Stephanie Cox

Body found in North Carolina landfill identified as missing ‘dumpster diver’


Remains found at a landfill in North Carolina have been confirmed as those of a missing woman last seen dumpster-diving in late January, police said.

Investigators in Burlington confirmed Wednesday that the body found Monday at Uwharrie Environmental in Montgomery County has been formally identified as Stephanie Cox, 30, who was last attempting to collect items from a dumpster behind a clothing store on Jan. 30, the Times-News reports.

Relatives told police that it was not uncommon for Cox to search for reusable items from dumpsters. Video showed that the woman was alone when she was collecting items behind a Five Below store at the Alamance Crossing strip mall, police said.

“This case brings to light the dangers associated with collections from dumpsters,” police said in a statement. “The commonly known practice of ‘dumpster diving’ is not safe.”

Police suspect that Cox failed to get out of the dumpster before a garbage truck came to empty it in the early morning hours of Jan. 30. Police believe the contents of the dumpster were taken to Uwharrie Environmental, where her remains were discovered.

Cox, of Burlington, was reported missing to police just before 8 p.m. that day after relatives last saw her in Greenboro, the Times-News reports.
Stephanie Cox

It is unclear how Cox died — and whether she died before or after the dumpster was serviced — but police don’t expect foul play.

In addition to the inherent safety risks, the practice of scouring dumpsters for food or other reusable items can lead to illnesses because they may be contaminated with bacteria. The oversize trash bins are also typically sprayed with pesticides — chemicals so strong that they can’t easily be removed with soap and water, according to a study in the Canadian Medical Association Journal cited by FOX Business.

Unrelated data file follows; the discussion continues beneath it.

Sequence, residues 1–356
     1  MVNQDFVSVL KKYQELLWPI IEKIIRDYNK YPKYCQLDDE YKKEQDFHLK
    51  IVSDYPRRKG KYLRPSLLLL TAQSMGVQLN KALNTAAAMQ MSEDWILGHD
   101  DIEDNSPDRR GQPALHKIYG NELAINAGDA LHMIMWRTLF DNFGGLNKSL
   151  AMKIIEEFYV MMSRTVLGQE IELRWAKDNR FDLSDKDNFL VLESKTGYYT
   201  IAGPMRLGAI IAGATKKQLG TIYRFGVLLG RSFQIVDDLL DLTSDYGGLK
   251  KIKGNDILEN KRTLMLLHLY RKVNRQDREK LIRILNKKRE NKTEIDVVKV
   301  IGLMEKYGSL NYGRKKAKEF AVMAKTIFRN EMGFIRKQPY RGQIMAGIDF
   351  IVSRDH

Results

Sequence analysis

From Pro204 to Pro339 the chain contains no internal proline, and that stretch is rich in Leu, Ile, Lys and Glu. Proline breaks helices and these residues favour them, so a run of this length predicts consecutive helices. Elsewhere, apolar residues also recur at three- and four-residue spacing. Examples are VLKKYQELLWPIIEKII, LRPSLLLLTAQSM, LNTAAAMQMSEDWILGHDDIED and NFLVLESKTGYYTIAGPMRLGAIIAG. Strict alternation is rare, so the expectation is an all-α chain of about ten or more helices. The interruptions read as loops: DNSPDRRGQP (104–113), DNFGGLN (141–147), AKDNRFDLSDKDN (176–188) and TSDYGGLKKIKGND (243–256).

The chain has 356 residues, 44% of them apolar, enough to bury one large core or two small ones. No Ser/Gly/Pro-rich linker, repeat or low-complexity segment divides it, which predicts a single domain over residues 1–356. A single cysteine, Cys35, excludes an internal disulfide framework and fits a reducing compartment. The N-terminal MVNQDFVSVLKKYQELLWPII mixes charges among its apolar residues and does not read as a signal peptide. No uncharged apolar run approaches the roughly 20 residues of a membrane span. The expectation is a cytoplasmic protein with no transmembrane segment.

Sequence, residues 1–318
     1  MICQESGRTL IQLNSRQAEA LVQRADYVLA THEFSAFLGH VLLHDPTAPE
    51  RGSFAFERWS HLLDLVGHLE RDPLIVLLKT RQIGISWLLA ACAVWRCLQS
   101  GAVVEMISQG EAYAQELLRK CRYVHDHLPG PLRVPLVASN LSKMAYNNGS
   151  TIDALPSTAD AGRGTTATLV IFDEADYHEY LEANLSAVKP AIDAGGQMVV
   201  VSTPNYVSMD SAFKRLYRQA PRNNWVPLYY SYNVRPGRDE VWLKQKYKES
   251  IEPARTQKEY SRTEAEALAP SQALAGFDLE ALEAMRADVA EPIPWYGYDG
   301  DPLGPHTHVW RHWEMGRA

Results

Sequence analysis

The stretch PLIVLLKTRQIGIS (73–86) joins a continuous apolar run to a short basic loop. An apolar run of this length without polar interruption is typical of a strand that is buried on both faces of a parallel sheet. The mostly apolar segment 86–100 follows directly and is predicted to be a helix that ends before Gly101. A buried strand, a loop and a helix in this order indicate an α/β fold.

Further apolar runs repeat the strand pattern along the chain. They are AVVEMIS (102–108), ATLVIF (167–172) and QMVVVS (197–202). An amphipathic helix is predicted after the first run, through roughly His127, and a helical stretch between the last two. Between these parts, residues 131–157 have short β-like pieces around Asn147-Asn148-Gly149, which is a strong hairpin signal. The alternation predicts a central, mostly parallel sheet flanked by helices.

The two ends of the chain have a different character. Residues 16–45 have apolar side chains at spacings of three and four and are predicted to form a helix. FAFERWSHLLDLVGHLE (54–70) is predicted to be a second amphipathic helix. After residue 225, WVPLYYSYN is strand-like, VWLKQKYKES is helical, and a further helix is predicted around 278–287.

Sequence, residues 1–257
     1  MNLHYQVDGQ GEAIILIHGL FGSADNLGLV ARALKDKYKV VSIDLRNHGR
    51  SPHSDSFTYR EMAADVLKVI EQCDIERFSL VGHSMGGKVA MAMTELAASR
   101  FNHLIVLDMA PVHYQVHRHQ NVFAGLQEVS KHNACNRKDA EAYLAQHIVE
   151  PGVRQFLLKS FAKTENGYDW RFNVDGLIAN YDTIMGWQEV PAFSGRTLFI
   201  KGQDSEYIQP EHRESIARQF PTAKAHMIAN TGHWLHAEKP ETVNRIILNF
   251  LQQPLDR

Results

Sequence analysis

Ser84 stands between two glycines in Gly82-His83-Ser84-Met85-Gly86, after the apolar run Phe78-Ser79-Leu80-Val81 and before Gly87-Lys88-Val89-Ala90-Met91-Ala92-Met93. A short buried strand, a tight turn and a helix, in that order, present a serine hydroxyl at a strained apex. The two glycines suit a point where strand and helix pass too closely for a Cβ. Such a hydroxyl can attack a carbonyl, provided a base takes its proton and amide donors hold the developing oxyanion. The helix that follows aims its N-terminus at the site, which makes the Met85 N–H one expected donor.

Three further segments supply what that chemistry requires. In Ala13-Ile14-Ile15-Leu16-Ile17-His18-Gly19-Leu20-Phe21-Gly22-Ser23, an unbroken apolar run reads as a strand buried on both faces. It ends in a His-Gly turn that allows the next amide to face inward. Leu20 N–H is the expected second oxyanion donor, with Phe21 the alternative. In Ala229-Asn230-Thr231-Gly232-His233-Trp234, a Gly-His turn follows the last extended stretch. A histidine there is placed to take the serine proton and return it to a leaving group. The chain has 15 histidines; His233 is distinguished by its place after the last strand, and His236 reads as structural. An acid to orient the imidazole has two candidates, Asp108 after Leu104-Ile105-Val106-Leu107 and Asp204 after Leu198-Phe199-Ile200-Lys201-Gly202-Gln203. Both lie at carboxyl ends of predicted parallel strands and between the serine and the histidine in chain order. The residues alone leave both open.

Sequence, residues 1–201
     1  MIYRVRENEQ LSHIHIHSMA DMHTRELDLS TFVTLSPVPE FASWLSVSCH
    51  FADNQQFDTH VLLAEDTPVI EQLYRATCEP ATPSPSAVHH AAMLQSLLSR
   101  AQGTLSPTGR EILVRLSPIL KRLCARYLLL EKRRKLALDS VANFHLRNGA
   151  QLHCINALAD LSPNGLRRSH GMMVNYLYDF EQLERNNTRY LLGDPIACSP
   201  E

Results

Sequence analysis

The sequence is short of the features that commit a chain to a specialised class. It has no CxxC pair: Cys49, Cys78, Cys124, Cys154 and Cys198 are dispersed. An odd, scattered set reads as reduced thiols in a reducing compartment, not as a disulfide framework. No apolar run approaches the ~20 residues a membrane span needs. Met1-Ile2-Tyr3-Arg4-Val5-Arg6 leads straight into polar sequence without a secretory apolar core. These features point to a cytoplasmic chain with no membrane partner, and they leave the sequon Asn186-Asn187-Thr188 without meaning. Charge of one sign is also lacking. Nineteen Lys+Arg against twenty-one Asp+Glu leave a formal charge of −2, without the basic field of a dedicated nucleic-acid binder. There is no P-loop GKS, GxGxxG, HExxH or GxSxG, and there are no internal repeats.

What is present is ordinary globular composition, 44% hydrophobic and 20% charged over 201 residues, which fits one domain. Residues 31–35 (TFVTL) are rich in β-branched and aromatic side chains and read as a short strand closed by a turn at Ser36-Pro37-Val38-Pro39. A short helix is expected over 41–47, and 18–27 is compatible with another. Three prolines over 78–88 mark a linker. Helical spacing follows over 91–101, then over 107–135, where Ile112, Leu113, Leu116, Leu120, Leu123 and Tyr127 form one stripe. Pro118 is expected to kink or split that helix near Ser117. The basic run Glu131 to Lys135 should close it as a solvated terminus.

“From a safety perspective, I don’t recommend it,” Burlington police Assistant Chief Brian Long told the outlet.

Dumpster-diving is also prevalent among “freegans” — people who reject consumerism and instead try to adopt a minimalist lifestyle to reduce waste.

Groups of freegans even organize meet-ups throughout the country, including one scheduled for Saturday in New York.

“At this free and freegan arts and crafts workshop, we will celebrate New York’s upcoming single-use plastic bag ban by creating our own reusable bags out of recycled materials!” one listing reads. “Possible crafts include recycled t-shirt bags, other cloth bags, fused plastic bags, umbrella bags, juice pouch bags, and whatever you can come up with.”